Free Bikes 4 Kidz volunteer event a huge success

Terry RogersCulture, Delaware Nonprofits, Headlines, Health, Milford Headline Story

Volunteers work to assemble 277 new bicycles donated by Kent Bicycle Company that will be given to children in need

A suite in the Blue Hen Corporate Center was filled with boxes of unassembled bicycles and volunteers on Monday, January 16 as Bayhealth held the first Free Bikes 4 Kidz (FB4K) event in Delaware. The event was the vision of Dr. Tom Vaughan a retired radiologist at Bayhealth who has taken the role of Chief Wellness Officer for the organization.

“I am a bike advocate, and I became aware of this organization about a year ago and knew I wanted to bring it to Delaware,” Vaughan said. “As I gathered information, I learned that they usually partner with a healthcare organization because they want to have a connection to community health, things like getting kids out on bikes plus the availability of volunteers and warehouse space to repair, build or store bicycles. We partnered with Bayhealth who provided us the warehouse space, the marketing and, the hope in the future is we will start collecting used bikes.”

According to Vaughan, this event had volunteers putting together new bicycles donated by Kent Bicycle Company who gave them 277 bicycles for various age levels of children. Throughout the country, FB4K has given away more than 150,000 bicycles in 15 different cities.

Dr. Tom Vaughan speaks to volunteers at the first Free Bikes 4 Kidz event

“Everyone remembers your first bike, that bike was my ticket to go explore the world,” Terry Esau, Executive Director of FB4K said in a video shown to the volunteers. “There are millions of kids in our country who do not have a first bike story. I think there are three ways that we impact our community. One, obviously, is the kids, having more active kids and reducing screen time. The next is the more than 35,000 volunteers who have worked with us since we started this thing. These are people coming from all sides of the aisle, coming together to do something. And, finally, we have kept 1,700 tons of metal and 130 tons of rubber out of landfills. We’re making a powerful impact on our world. I just want to make sure that when you ask someone “what was your first bike,” they have an answer for that. If you’re a kid out there in America, we see you and we got you.”

After showing the video of Esau, Vaughan showed one of a grandmother whose grandson had just received his first bicycle thanks to FB4K.

New bicycles for the Free Bikes 4 Kidz program are assembled at the Blue Hen Corporate Center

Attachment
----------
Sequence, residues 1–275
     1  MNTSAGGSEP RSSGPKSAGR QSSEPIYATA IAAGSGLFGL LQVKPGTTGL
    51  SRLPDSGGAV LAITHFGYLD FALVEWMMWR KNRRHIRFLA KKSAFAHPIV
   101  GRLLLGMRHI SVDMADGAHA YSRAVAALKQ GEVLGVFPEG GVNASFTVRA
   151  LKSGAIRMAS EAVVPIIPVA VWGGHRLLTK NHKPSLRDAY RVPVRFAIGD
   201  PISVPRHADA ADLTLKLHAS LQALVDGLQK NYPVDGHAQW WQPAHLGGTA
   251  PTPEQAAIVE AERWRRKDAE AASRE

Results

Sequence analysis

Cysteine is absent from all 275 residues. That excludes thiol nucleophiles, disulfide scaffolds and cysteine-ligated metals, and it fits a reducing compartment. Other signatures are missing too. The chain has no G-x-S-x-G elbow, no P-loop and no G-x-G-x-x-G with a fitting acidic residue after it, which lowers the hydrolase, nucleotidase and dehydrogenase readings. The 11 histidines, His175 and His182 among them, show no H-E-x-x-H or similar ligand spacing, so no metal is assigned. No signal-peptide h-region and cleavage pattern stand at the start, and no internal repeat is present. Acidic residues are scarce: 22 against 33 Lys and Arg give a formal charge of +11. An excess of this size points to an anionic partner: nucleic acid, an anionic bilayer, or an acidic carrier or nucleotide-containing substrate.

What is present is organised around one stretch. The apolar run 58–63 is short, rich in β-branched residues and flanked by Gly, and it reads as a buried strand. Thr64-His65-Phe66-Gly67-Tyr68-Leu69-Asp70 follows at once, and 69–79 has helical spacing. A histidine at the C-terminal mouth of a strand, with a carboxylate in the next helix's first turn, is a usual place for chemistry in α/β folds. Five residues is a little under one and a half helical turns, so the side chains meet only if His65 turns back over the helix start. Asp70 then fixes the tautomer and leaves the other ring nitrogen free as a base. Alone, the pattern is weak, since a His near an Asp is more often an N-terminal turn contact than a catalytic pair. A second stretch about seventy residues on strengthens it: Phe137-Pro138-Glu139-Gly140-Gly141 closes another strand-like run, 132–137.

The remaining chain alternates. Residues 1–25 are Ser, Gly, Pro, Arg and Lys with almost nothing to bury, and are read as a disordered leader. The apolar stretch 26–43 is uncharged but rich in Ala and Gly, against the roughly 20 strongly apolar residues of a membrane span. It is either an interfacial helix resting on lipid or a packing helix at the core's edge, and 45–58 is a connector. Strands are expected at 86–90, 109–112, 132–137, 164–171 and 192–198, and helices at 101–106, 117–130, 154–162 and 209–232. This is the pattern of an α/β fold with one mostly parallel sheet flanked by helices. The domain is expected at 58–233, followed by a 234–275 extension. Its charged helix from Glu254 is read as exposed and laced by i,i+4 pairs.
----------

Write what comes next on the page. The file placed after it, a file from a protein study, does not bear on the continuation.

“I didn’t know what to expect, but when I pulled up and stood outside, everyone made us feel welcome,” the grandmother said. “When I got inside, I am like ‘Oh my, God!” I am so very humbled, and I thank you all for your time and effort. Just looking at the smile on his face is going to make me cry again. You don’t know what it means to me to see that smile on is face.”

Vaughan stated that there were more videos of grateful parents and grandparents whose children had just received a bicycle from the program, commenting that the videos were powerful and what made him realize that Delaware needed a chapter. He thanked the partners that made the initial event possible, including L&W Insurance, Mitten and Winters law firm, Bayhealth and more. He especially thanked the volunteers who were there putting bicycles together as well as the bike experts who were assisting them.

“We put an ad out on the Bayhealth intranet and had 60 people sign up,” Vaughan said. “We filled it up within a day and a half. You’ll get information on the giveaways which are likely going to be held this summer. We are also hoping to start collecting used bikes that we will repair and refurbish, and we hope to have more assembly events over the next few months.”

Some of the 277 bicycles assembled by volunteers for the Free Bikes 4 Kidz event

Vaughan explained that FB4K does not choose the children who will receive bicycles. They work with organizations like the Salvation Army, schools, public health, churches and other organizations who determine children who are in need of a bicycle. Currently, they know of 400 children who need bikes, and they expect to have over 1,000 children’s names within a month.

“I like to do things for the community,” Paul a volunteer and a student in the Graduate Education program at Bayhealth, said when asked why he chose to volunteer for the event. “I don’t know many around here that do stuff for children. I also work for a camp, so when it comes to kids and what they need, especially certain things I never had as a kid, I want to make sure others have that.”

To learn more about FB4K, visit or, to volunteer and learn more about the Delaware chapter, contact [email protected].

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